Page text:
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BUSONI: Piano Concerto Op. 39.   Marc Andre' Hamelin: Piano, City of Birmingham Symphony Orchestra and Chorus Mark Elder Hyperion CDA67143 74m DDD.

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Probably the most important and singular release of this year, this Busoni Concerto would definitely have made it for the Gramophone Awards. . It is indeed a suitable jewel in the crown of Hyperion's Romantic Piano Concerto and continues to confirm the superb enterprising brilliance of this series.

The latest issues were not really memorable, Kullak, Dreyschock, Brull, a sound coupling but nothing overtly sensational, the Busoni definitely is and more besides. As Michael Spring espouses in his introduction, Busoni's reputation as a composer has suffered considerably as he is mainly remembered as a colossal pianist. John Ogdon's recording with Revenaugh has been the standard recommendation of this work for decades and it was the double LP Concert Classics set that kept me constant company when listening (most of the time open-mouthed) to this fabulous recording. Hamelin is the supreme virtuoso, from that titanic piano entry to the devilish fingerwork of the Pezzo giocoso through to the divinity of the cantico. Occasionally the sheer fantasy of Ogdon's playing is captivating but constantly I found myself returning to Hamelin's unobtrusive virtuosity especially with a recording that confirms the Symphony Hall's fabled acoustic. Hamelin's Prologo e Introito is sublime with some dazzling piano playing and an orchestral contribution of great beauty especially in the 'Pastorale' conclusion (Ronald Stevenson). The central movements are also quite winningly done especially the three-movement Pezzo giocoso, a true display of fearsome virtuosity and magnificent genius. Comparing Ogdon and Hamelin is difficult, I am a great fan of the former but the dash and polish of Hamelin is also magnificent. Tarantella is also quite fantastic with a full-throated orchestral accompaniment coaxed along with panache by Elder. The concluding pages of that movement are utterly absorbing, power and harmony make strange bedfellows but all is consumed in the final movement of Babylonian proportions (Stevenson again). It is a question of the futility of life almost reminiscent of Mahler's magnificent Eighth Symphony with a chorus of unhallowed beauty rising alongside harmonic shifts. Both versions are quite flawless here although Hyperion has the better recording and Ogden's is now beginning to show its age. I did not care much for the remastered Ogdon, indeed I prefer the wholesome rounded sound of the LPs, a crisp alternative to the CD. Ronald Stevenson's outstanding booklet note is reproduced for the benefit of all and was an awesome eye-opener for me; it will definitely be for those who buy this disc. Crystal clear recording and outstanding presentation continue to add to the allure of this spectacular release. However it should definitely redefine the status of this superb concerto as one of the most important this century.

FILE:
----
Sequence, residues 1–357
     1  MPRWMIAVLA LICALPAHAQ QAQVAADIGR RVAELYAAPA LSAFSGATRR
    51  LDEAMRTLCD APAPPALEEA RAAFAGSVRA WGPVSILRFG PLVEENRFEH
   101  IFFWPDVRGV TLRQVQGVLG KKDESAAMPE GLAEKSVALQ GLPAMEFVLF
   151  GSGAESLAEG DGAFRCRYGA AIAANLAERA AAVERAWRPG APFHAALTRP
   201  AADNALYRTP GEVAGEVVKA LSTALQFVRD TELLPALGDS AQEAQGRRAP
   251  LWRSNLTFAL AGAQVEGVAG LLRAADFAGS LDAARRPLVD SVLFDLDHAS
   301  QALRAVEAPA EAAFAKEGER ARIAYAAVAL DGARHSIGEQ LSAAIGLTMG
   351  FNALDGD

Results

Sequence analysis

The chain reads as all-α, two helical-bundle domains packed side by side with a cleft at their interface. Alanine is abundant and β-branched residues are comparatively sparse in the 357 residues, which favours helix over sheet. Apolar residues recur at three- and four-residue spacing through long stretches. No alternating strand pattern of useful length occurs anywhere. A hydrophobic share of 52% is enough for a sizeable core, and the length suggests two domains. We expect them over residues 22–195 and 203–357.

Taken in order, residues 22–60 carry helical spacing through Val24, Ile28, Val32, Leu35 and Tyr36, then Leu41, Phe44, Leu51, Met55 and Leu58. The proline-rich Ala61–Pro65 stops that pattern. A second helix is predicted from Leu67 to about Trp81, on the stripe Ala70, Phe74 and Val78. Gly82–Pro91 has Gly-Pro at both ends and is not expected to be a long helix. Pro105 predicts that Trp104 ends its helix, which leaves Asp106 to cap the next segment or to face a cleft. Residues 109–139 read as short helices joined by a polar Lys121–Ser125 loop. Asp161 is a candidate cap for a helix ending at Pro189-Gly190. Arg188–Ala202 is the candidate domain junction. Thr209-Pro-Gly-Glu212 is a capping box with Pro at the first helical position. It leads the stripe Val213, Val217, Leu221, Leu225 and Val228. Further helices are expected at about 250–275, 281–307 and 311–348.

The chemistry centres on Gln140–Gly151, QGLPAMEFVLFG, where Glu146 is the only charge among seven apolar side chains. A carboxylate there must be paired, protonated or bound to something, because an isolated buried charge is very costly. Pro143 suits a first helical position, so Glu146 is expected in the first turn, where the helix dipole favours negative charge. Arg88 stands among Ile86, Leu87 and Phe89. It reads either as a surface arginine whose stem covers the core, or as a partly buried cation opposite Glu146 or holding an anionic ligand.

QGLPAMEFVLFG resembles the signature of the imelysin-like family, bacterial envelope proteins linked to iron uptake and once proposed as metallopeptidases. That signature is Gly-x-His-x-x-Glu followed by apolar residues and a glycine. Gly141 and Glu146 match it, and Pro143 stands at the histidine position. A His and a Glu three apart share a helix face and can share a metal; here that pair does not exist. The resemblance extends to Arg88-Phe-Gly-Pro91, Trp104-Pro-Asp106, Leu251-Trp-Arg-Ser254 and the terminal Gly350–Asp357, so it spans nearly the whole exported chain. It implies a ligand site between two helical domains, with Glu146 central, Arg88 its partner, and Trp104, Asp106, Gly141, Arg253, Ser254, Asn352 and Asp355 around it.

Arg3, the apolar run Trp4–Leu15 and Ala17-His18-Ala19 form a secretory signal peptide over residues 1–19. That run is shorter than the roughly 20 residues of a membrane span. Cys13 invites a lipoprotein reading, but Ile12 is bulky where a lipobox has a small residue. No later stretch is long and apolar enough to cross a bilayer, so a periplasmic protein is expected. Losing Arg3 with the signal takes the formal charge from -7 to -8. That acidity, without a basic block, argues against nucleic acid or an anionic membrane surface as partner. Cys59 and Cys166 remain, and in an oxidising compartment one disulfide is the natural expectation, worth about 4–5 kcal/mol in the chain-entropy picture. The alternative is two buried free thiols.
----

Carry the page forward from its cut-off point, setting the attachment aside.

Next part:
Gerald Fenech


Gerald Fenech

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